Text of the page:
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This article is written for those who want to get better at using price to earnings ratios (P/E ratios). We'll apply a basic P/E ratio analysis to First Interstate BancSystem, Inc.'s (NASDAQ:FIBK), to help you decide if the stock is worth further research. First Interstate BancSystem has a price to earnings ratio of 13.59, based on the last twelve months. That means that at current prices, buyers pay $13.59 for every $1 in trailing yearly profits.
How Do I Calculate A Price To Earnings Ratio?
The formula for P/E is:
Price to Earnings Ratio = Price per Share ÷ Earnings per Share (EPS)
Or for First Interstate BancSystem:
P/E of 13.59 = $38.16 ÷ $2.81 (Based on the trailing twelve months to March 2019.)
Is A High Price-to-Earnings Ratio Good?
The higher the P/E ratio, the higher the price tag of a business, relative to its trailing earnings. All else being equal, it's better to pay a low price -- but as Warren Buffett said, 'It's far better to buy a wonderful company at a fair price than a fair company at a wonderful price.'
How Growth Rates Impact P/E Ratios
Generally speaking the rate of earnings growth has a profound impact on a company's P/E multiple. When earnings grow, the 'E' increases, over time. That means even if the current P/E is high, it will reduce over time if the share price stays flat. Then, a lower P/E should attract more buyers, pushing the share price up.
First Interstate BancSystem increased earnings per share by a whopping 27% last year. And earnings per share have improved by 7.0% annually, over the last five years. I'd therefore be a little surprised if its P/E ratio was not relatively high.
Does First Interstate BancSystem Have A Relatively High Or Low P/E For Its Industry?
The P/E ratio indicates whether the market has higher or lower expectations of a company. The image below shows that First Interstate BancSystem has a P/E ratio that is roughly in line with the banks industry average (12.7).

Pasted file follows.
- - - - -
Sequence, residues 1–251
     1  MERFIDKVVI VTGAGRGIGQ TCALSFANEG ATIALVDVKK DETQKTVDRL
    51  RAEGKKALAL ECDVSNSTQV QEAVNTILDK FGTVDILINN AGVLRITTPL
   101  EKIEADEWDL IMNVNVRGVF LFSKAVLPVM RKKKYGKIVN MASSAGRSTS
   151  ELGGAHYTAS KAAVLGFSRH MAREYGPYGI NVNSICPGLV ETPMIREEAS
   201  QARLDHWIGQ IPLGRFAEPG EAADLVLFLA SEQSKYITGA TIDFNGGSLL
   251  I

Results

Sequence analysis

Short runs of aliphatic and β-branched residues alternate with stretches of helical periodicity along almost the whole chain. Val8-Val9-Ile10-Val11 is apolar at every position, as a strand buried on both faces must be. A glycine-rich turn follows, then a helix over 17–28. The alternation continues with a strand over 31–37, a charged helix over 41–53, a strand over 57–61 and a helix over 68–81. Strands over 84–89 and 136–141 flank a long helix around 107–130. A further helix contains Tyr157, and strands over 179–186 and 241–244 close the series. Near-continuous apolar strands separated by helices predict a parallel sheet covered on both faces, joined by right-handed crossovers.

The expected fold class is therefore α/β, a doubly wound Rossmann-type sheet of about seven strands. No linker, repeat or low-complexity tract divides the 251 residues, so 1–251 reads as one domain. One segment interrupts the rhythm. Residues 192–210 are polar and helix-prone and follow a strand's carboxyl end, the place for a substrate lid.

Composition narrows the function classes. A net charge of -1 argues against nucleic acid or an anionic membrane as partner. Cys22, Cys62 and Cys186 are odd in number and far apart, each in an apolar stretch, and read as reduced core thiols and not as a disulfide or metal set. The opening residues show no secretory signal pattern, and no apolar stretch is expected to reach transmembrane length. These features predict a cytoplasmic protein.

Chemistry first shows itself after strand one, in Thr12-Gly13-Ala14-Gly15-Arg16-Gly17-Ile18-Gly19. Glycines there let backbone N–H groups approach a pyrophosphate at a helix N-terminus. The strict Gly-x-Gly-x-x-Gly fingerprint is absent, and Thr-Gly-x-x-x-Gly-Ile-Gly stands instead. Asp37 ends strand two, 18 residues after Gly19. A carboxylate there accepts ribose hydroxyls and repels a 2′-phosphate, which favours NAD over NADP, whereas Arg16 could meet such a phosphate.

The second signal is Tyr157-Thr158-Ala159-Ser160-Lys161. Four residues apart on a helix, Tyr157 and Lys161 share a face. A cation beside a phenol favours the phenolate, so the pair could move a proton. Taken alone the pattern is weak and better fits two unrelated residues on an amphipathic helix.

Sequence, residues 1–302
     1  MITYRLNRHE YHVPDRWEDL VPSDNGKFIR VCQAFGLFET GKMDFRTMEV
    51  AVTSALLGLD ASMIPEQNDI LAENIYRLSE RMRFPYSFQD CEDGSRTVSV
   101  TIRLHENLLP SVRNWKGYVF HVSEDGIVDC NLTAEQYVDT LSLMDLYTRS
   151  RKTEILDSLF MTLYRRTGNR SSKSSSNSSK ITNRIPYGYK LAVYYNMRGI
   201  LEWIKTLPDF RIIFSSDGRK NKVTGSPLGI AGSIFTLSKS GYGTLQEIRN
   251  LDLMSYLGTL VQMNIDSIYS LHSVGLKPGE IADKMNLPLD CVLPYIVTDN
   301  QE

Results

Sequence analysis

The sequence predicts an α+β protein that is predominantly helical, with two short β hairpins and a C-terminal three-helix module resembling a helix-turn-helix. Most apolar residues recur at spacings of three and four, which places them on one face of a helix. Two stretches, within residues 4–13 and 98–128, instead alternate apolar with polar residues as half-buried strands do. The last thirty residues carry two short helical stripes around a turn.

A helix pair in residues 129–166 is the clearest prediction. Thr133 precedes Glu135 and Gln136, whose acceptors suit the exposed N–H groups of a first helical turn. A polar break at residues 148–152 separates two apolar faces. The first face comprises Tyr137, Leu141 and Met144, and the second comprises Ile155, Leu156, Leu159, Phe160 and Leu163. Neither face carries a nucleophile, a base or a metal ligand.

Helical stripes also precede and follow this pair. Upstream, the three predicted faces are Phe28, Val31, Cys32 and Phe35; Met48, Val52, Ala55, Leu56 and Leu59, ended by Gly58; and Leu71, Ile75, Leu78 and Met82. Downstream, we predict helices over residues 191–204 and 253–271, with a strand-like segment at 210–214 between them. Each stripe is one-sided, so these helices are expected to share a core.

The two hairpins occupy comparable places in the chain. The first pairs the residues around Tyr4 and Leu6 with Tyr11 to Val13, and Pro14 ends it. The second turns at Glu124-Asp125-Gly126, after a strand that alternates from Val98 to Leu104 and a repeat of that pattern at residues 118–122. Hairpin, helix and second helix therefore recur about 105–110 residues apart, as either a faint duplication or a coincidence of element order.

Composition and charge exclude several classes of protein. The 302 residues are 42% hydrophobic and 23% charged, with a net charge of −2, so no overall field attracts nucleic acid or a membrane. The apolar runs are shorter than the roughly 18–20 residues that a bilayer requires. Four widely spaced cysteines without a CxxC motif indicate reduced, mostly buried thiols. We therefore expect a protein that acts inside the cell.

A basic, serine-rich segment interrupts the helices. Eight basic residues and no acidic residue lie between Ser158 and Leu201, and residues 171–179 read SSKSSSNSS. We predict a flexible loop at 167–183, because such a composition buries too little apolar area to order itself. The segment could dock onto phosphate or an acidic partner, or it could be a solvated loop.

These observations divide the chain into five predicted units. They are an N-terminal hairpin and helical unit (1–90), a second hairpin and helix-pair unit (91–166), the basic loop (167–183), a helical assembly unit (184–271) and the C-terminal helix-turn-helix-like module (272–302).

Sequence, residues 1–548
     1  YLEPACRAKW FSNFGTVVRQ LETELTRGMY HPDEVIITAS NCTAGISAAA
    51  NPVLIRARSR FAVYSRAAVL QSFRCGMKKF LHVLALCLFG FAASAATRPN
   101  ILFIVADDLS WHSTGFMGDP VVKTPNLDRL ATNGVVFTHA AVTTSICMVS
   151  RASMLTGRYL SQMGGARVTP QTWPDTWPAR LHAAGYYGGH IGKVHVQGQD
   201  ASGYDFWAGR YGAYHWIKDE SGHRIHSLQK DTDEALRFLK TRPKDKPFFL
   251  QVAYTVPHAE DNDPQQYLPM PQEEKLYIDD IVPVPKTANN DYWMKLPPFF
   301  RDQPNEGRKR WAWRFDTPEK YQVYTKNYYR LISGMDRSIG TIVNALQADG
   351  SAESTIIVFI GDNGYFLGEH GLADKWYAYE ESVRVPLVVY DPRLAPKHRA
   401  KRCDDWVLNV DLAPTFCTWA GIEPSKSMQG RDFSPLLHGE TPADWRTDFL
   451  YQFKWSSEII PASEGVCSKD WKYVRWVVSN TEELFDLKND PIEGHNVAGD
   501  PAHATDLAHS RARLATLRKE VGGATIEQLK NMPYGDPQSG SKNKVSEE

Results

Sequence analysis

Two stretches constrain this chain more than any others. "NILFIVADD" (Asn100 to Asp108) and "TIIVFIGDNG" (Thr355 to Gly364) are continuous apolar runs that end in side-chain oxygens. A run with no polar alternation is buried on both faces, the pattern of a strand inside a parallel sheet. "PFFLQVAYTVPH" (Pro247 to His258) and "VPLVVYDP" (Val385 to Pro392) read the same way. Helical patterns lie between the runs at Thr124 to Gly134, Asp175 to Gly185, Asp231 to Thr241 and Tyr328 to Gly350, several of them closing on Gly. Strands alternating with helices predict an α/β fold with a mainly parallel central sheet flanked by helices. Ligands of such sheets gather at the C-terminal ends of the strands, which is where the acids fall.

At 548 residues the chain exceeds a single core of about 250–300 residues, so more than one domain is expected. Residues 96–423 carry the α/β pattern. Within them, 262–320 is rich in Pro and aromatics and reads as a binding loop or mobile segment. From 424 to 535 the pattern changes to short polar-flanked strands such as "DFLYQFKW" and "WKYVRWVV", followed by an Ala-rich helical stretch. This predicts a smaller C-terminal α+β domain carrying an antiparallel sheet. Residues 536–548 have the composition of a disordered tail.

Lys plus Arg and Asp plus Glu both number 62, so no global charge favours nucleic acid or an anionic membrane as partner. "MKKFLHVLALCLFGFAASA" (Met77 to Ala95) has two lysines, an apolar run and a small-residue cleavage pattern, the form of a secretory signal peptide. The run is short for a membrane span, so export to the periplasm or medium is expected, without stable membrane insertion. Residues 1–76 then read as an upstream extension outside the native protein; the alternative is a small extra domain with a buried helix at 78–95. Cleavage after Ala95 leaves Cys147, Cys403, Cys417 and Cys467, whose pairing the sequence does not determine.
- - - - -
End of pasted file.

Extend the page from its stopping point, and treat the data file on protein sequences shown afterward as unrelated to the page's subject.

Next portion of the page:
First Interstate BancSystem's P/E tells us that market participants think its prospects are roughly in line with its industry. The company could surprise by performing better than average, in the future. Further research into factors such asmanagement tenure, could help you form your own view on whether that is likely.
A Limitation: P/E Ratios Ignore Debt and Cash In The Bank
One drawback of using a P/E ratio is that it considers market capitalization, but not the balance sheet. In other words, it does not consider any debt or cash that the company may have on the balance sheet. Theoretically, a business can improve its earnings (and produce a lower P/E in the future) by investing in growth. That means taking on debt (or spending its cash).
Such expenditure might be good or bad, in the long term, but the point here is that the balance sheet is not reflected by this ratio.
First Interstate BancSystem's Balance Sheet
First Interstate BancSystem has net cash of US$126m. That should lead to a higher P/E than if it did have debt, because its strong balance sheets gives it more options.
The Bottom Line On First Interstate BancSystem's P/E Ratio
First Interstate BancSystem has a P/E of 13.6. That's below the average in the US market, which is 17.3. The net cash position gives plenty of options to the business, and the recent improvement in EPS is good to see. One might conclude that the market is a bit pessimistic, given the low P/E ratio. Given analysts are expecting further growth, one I would have expected a higher P/E ratio. So this stock may well be worth further research.
Investors should be looking to buy stocks that the market is wrong about. If it is underestimating a company, investors can make money by buying and holding the shares until the market corrects itself. So this free report on the analyst consensus forecasts could help you make a master move on this stock.
Of course, you might find a fantastic investment by looking at a few good candidates. So take a peek at this free list of companies with modest (or no) debt, trading on a P/E below 20.
We aim to bring you long-term focused research analysis driven by fundamental data. Note that our analysis may not factor in the latest price-sensitive company announcements or qualitative material.
If you spot an error that warrants correction, please contact the editor at firstname.lastname@example.org. This article by Simply Wall St is general in nature. It does not constitute a recommendation to buy or sell any stock, and does not take account of your objectives, or your financial situation. Simply Wall St has no position in the stocks mentioned. Thank you for reading.